An amateur aviator dreams big

Published in Express Tribune September 18,2011

In the summer of 1978, Qazi Sajjad entered Sabrina Cinema in Peshawar, where a James Bond film was being shown. After watching the film, he became obsessed with the idea of building an ultra-light glider, which Bond had used in the film. Sajjad succeeded after years of dedication.

Despite spending tens of thousands of rupees and losing his brother in a test flight, he considers his dream far from achieved. He lives in Landi Arbab, a small village on the outskirts of Peshawar, and since that fateful summer, every member of his family has developed a passion for building aircrafts.

Sajjad closely observed the plane in the film and made a mental blueprint. He shared his idea with his uncle Qazi Jamshed and brother Qazi Farhad who proved equally enthusiastic. Their main problem was finance. “After making a rough design, we set out to make a glider with parachute material and bamboo sticks, since aluminum pipes were not available in Pakistan,” recalls Sajjad. They covered the bamboo sticks with tin plate and their maiden flight took off from Canal Road. The pilot, unaware of the wind’s direction, crashed against the trees and was seriously injured. By chance, however, he discovered that by flying the glider in the opposite direction, the wings got a lift from the wind. The next step was to install an engine. Sajjad sold his parents’ fridge without telling his mother and purchased a 24 horsepower Suzuki engine. He also purchased spare parts from a second-hand dealer and started making lightweight aircraft. “I was the engineer and my uncle and brother were pilots,” says Sajjad who is a matriculate.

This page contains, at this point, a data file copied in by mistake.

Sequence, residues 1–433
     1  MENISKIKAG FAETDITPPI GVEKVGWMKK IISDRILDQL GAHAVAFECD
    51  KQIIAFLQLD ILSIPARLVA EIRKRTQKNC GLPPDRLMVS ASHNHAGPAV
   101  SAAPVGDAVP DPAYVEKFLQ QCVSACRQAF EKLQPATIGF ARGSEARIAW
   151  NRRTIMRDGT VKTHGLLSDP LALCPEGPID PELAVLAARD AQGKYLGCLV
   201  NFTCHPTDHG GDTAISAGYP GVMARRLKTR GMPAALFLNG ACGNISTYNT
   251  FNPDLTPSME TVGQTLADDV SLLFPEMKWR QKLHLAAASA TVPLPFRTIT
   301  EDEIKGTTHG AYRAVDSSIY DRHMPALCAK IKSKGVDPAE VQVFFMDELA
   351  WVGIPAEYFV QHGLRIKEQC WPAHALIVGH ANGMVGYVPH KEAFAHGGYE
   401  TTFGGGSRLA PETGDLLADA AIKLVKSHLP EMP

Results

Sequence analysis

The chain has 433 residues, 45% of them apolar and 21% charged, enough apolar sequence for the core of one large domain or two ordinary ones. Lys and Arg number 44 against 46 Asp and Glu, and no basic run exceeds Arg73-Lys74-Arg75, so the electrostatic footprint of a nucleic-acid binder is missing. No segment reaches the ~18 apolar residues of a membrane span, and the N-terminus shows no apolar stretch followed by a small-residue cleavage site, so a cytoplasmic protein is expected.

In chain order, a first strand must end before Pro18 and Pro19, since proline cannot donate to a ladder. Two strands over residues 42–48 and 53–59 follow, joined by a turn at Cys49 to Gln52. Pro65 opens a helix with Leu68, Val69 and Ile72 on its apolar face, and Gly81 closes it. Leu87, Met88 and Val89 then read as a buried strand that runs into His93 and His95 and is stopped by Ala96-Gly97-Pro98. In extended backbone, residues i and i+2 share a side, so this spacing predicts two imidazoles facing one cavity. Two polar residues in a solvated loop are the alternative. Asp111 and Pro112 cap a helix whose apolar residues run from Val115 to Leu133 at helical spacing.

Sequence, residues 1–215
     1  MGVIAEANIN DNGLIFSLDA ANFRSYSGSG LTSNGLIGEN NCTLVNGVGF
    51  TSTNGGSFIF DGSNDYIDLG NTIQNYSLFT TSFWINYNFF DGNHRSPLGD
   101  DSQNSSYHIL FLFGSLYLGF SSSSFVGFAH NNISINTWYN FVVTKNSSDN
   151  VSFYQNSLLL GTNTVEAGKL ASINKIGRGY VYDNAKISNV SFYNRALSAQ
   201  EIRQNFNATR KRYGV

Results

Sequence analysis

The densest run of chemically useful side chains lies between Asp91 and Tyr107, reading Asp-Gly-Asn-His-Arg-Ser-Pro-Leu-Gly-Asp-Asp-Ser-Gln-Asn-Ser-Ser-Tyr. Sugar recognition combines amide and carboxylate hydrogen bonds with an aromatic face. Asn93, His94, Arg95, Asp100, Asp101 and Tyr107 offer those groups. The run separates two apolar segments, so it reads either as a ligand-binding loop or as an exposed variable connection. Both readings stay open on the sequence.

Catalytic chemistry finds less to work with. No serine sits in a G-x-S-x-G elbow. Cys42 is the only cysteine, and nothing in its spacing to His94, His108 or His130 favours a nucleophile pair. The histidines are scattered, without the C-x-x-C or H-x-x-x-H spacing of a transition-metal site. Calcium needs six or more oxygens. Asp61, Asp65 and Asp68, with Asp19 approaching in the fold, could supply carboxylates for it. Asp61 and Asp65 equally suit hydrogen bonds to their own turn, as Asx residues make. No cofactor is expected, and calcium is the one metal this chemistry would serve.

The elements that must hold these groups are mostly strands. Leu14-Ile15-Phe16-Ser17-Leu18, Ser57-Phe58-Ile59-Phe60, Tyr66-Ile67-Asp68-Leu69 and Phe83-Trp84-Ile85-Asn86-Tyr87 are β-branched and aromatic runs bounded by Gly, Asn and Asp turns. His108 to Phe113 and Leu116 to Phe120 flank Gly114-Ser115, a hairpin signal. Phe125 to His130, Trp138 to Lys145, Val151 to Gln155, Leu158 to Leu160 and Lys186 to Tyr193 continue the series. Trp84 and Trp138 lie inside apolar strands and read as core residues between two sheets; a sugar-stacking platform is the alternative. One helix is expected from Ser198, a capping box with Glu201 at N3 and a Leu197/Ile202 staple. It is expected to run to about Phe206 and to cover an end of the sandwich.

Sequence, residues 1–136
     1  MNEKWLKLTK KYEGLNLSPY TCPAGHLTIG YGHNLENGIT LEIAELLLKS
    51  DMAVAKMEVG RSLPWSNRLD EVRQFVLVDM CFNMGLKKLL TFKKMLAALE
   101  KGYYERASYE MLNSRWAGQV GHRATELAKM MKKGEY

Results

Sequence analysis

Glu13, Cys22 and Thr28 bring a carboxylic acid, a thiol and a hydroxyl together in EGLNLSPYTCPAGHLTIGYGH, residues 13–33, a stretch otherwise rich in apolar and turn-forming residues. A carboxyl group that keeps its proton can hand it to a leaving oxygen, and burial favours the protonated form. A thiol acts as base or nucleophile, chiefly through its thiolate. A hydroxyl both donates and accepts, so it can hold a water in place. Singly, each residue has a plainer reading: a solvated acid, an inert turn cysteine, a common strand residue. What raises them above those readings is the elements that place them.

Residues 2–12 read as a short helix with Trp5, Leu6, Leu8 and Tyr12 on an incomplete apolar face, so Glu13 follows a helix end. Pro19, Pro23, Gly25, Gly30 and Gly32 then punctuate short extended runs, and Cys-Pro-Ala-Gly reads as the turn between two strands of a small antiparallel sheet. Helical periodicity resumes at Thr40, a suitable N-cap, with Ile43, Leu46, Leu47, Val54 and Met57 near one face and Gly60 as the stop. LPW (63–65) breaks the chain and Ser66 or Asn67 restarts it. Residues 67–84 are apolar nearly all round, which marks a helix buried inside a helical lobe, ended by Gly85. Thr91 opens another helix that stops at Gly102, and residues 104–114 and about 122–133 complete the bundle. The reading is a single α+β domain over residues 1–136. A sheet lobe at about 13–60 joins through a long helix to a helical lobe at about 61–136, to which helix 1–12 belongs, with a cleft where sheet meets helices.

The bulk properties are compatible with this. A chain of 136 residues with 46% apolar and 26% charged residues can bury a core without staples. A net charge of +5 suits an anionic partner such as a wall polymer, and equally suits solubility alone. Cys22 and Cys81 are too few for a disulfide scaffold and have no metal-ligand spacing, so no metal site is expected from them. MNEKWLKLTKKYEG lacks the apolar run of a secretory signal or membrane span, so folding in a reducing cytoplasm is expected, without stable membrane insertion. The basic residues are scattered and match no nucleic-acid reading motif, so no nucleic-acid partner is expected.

Since their maiden flight in a single-seater airplane in 1984, there has been no looking back. So far they have made seven ultra-light planes, two of which were sold to the Pakistan Air Force and another two to ultra-light plane enthusiasts. On August 11, 2001, Farhad died in an air crash. However, Sajjad and his family carried on with their plans. “We pioneered ultra-light flying in Pakistan,” Sajjad said. Three years back, they registered with the Civil Aviation Authority and were issued registration number 0001 for their plane.A year later, the Ababeel Ultra-Light Sports Club was inaugurated at a cost of Rs20 million, at the University of Peshawar’s Azakhel campus in Nowshera. “We shifted our two planes there, but when we went to fly them the club had been closed,” said his brother, Tufail. It is not clear who ordered it closed and they are trying to figure it out for the past year, since the orders were verbal. Sajjad’s two-seater plane flies at a speed of 80 to 110 kilometres per hour and can reach Lahore in four hours.

Sajjad is pursuing his dream with the same zest and now wants to build a helicopter, which is their toughest challenge yet. He has been working on it for the past five years. He has made the tail rotor and swash plates and completed almost 35 per cent of the work. “In the absence of financial support, I have sold my agricultural land to make this dream a reality,” he said. The brothers were awarded the Tamgha-e-Imtiaz for their inventions in 2004.


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